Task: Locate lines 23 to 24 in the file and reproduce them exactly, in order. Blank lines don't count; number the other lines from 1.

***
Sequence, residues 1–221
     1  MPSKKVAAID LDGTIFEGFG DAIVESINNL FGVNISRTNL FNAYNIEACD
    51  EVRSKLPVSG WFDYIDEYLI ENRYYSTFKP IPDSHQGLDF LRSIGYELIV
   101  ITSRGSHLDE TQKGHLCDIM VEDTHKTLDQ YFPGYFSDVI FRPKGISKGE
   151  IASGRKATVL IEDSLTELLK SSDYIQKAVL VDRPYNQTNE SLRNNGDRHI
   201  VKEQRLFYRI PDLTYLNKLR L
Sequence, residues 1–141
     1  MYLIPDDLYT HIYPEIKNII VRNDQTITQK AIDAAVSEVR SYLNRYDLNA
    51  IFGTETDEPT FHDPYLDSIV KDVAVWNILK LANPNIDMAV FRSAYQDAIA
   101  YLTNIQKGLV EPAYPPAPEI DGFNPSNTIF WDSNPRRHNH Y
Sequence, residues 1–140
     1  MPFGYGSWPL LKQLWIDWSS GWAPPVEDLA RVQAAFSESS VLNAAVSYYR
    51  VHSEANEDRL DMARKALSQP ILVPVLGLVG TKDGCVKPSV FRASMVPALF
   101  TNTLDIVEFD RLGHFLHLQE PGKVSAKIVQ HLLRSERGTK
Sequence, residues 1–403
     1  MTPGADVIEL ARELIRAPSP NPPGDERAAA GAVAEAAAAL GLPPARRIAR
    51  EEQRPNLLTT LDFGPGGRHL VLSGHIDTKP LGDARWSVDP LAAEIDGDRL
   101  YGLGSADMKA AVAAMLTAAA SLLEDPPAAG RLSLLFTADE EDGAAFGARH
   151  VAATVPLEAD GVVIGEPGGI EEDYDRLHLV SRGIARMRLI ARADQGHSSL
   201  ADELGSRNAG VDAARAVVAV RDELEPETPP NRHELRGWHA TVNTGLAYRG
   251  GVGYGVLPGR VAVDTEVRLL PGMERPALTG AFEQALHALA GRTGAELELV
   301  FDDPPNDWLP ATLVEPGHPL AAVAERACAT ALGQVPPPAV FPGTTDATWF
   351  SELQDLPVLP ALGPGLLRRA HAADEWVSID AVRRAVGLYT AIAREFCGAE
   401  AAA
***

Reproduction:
   351  SELQDLPVLP ALGPGLLRRA HAADEWVSID AVRRAVGLYT AIAREFCGAE
   401  AAA